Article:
Stress slows your reaction to danger, new study finds, increasing vulnerability

Suffering stressful events may compromise the body’s perception of new threats or danger, a study in Proceedings of the National Academy of Sciences has revealed

The study carried out by a team of researchers at the New York University challenges a long-held notion that stress keeps the body on high alert. The researchers have noted that while predicting potential threats in the environment is crucial for survival, it remains equally important to prime the body into a flexible state where stress responses can be effectively controlled when new sources of threat are available.

The research team conducted a series of tests that focused on “Pavlovian threat-conditioning” in order to examine the participant’s flexibility in responding to stressful conditions. The experts instructed the participants to view images on a computer screen. The experts then used a mild, electric wrist-shock that accompanied a certain image that served as the threat cue. On the other hand, some images did not accompany any shock and served as the safe cue.

Half of the study participants were placed in an experimental set-up designed to replicate a stressful condition. During the procedure, the participants in the stress group placed their arm in an ice-water bath for a few minutes. The procedure was intended to increase the respondents’ two stress hormones alpha-amylase and cortisol. All the participants eventually went through the same stress test. The scientists then recorded the participants’ physiological arousal responses to evaluate how they anticipated the outcome of each cue.

“When you’re under stress and ramped up, you’re not paying enough attention to what’s going on around. You’re just not changing or updating your response. You could argue that the kinds of stress we’re encountering in day-to-day life, psychological stresses, are more distracting. This is all honing in on the idea that when you’re under chronic stress or other stress, you just aren’t adapting as well. Exposure to social media and things…you could argue that you have access to changes of the world more frequently, so stress could change your ability to integrate changes of information and things going on around you,” Dr. Riao has told the Daily Mail online.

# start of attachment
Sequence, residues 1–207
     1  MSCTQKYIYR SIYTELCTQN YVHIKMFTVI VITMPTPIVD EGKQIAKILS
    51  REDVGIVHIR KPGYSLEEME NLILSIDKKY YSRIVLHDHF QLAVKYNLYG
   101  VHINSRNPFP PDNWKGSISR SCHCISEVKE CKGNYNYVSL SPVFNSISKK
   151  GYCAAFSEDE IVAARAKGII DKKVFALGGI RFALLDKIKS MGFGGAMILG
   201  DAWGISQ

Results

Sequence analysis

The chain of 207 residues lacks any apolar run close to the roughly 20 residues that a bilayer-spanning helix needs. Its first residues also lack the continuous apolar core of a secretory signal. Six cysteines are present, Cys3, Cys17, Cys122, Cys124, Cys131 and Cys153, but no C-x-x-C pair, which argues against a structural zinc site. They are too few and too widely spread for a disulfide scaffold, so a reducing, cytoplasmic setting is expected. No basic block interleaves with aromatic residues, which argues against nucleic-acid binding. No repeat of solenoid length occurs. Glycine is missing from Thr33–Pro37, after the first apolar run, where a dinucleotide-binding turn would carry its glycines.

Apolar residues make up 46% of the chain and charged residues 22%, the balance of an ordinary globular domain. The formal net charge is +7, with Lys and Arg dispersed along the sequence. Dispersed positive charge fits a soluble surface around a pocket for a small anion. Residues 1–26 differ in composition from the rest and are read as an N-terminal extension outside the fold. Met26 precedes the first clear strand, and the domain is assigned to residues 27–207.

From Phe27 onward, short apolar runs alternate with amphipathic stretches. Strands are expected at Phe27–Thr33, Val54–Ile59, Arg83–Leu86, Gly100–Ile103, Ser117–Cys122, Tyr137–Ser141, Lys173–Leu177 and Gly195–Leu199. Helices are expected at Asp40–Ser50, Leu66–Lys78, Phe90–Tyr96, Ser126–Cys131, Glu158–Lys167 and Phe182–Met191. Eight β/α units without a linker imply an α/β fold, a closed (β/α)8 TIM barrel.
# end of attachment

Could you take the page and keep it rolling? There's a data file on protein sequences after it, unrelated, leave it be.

Interesting findings of the study

During the first day of testing, the research team observed a complete switch between the participants’ stress cues. According to their results, the respondents’ earlier threatening cue no longer predicted shock during the experiment. However, the formerly safe cue did stimulate shock among the participants, the scientists noticed.

The second day of testing also showed that participants in the stress group were less likely than the controls to change their responses to threats. According to the research team, the formerly safe visuals have already been perceived as shock-delivering images among the stress group. The findings demonstrate that stress has significantly impaired the stress group’s capacity to be flexible in responding to non-threats, the scientists have stated.

The research team also noted a marked reduction in a physiological response to threat among patients who have been stressed. According to the scientists, participants in the stress group exhibited learning deficit and a reduced attention signal. This indicates that experiencing stressful conditions may impair learning, the scientists have reported.

“Stress does not always increase perceptions of danger in the environment, as is often assumed. In fact, our study shows that when we are under stress, we pay less attention to changes in the environment, potentially putting us at increased risk for ignoring new sources of threat. As a result, stress can reduce the flexibility of our responses to threats by impairing how well we track and update predictions of potentially dangerous circumstances,” lead author Dr. Candace Raio has stated in a Futurity article.

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